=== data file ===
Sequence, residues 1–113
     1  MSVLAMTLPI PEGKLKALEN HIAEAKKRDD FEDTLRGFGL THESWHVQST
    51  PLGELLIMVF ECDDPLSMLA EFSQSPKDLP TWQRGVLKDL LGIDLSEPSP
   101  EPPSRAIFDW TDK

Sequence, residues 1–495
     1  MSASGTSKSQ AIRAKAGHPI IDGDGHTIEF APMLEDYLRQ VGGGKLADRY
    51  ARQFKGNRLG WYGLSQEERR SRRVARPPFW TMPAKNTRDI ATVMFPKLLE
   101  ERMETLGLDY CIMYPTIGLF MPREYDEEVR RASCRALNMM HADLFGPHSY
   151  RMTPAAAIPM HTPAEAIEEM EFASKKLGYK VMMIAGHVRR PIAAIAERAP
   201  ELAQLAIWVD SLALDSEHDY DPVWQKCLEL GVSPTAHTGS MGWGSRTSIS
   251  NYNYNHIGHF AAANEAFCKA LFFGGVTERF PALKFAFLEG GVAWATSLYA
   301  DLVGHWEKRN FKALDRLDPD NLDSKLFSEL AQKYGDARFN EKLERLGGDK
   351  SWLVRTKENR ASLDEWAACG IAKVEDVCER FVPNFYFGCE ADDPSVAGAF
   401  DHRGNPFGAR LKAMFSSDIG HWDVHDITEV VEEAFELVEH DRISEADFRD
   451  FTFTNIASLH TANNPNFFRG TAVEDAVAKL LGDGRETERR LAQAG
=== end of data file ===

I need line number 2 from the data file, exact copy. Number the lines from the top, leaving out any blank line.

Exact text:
     1  MSVLAMTLPI PEGKLKALEN HIAEAKKRDD FEDTLRGFGL THESWHVQST